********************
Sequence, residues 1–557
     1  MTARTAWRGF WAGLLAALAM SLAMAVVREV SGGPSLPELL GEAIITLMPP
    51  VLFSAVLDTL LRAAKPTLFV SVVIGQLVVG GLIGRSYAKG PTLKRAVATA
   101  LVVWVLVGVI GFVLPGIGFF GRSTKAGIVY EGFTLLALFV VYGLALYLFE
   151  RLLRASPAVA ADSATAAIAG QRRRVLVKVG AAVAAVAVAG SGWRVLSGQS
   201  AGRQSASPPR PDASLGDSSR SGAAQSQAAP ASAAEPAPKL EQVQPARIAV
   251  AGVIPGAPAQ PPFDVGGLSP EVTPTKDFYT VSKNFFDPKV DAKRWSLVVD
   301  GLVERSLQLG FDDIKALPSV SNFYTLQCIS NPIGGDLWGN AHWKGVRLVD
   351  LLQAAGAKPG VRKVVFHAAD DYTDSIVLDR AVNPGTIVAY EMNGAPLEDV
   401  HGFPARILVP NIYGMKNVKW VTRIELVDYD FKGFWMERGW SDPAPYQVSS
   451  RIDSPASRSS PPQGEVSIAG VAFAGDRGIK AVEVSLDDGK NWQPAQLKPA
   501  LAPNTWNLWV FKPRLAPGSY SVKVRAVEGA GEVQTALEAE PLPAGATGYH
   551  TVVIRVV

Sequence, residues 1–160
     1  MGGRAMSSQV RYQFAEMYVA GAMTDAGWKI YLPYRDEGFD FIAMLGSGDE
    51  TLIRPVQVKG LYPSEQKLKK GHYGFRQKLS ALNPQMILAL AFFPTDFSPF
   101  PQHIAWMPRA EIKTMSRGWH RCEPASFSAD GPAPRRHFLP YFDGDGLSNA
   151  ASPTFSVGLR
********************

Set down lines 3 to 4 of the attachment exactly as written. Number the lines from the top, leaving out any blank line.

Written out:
    51  VLFSAVLDTL LRAAKPTLFV SVVIGQLVVG GLIGRSYAKG PTLKRAVATA
   101  LVVWVLVGVI GFVLPGIGFF GRSTKAGIVY EGFTLLALFV VYGLALYLFE